She still had her arms crossed, and now her eyes were narrowed on him, as if she were trying to puzzle out a difficult riddle. “You smell like her, too. And it’s not because you live together.”
“Don’t. Bullshit me,” he said quietly, earnestly.
“You know I’m not, inu-hanyou.”
“The hell I do.”
Scent marks took dedication. They took commitment, the kind that built up over lifetimes. They were belonging, one to another. They were everything he’d been trying to avoid with Kagome, everything he’d been trying to protect the both of them from. It had only been a few months. They couldn’t be that dedicated to each other. He’d been keeping away from her, for fuck’s sake!
Not that he wanted to. Not that everything inside him, from his mind to his damn dick, wasn’t pulling, pushing, and tripping him back to her. He’d. Stayed. Away.
Abi stared at him for a long moment, then snorted, the sound delicately feminine, and shrugged. “Fine, then. It’s not like it’s any of my business. Do as you please with your housekeeper, hanyou.” She turned back toward the pub, her bare feet crunching easily into the snow, the smirk still in her voice as it drifted behind her. “If you really don’t want her, though, you should send her to visit me. I wouldn’t mind helping out a human as pretty as her. I wouldn’t even mind your scent on her.”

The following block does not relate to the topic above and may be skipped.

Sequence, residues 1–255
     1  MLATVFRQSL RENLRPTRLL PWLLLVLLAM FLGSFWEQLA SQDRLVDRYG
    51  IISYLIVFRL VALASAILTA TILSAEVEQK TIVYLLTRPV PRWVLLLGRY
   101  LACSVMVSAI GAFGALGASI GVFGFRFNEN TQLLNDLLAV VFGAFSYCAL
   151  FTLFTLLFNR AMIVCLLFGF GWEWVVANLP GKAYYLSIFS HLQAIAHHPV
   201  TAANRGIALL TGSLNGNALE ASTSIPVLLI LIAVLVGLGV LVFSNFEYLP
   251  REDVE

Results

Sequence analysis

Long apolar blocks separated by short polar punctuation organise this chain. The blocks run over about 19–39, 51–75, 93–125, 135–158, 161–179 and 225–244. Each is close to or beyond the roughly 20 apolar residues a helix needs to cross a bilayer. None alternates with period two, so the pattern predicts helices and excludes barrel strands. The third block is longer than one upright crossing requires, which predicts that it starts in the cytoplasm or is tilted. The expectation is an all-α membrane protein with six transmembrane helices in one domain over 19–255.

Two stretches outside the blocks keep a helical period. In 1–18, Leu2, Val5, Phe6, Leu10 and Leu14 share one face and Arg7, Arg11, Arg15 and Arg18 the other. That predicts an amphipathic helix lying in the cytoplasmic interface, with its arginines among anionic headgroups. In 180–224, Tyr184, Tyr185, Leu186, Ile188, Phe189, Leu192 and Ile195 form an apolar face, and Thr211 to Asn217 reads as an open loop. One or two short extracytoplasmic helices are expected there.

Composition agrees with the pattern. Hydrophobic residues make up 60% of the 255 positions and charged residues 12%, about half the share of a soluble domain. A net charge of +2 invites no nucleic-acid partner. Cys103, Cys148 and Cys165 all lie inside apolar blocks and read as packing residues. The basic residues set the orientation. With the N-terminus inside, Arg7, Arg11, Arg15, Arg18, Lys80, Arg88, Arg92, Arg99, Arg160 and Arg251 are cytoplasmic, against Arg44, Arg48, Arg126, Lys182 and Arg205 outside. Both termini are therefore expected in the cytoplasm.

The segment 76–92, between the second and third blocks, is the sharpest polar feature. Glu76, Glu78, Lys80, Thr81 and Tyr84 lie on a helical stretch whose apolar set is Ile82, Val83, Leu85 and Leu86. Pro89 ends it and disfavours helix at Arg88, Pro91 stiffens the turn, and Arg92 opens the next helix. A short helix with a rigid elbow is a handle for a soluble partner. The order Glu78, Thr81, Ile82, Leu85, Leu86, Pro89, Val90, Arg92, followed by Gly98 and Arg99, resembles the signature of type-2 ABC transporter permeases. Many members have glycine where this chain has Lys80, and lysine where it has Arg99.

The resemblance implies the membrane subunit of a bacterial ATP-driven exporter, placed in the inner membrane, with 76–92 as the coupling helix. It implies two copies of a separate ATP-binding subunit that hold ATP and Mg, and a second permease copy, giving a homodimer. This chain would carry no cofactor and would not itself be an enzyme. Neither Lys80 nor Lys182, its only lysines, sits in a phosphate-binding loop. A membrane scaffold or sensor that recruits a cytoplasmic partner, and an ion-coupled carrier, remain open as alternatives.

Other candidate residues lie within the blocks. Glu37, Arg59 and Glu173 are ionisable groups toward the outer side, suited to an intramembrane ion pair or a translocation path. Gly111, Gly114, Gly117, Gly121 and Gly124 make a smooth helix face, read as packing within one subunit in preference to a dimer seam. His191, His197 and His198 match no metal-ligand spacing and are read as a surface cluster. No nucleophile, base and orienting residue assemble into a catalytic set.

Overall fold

The acting head of the Phoenix clan had always famously self-described her sexual predilections as non-restricting.
A hand came out of his pocket, knuckles cracking and curling at his side. “Stay. The fuck. Away from her, Abi.”
“Really?” She paused, nearly back to the pub, but still close enough for him to see her turn and study him. “Well, you can come, too, if you want. I wouldn’t mind her scent on you, either, hanyou.” She snickered and vanished back into the pub.
Thankfully, only a few people had been around. And none of them seemed to realize what they were talking about. And no one noticed his claws. He shoved his hand back into his pocket and turned back to study the South Dragon as a whole, feeling vaguely disgusted with himself.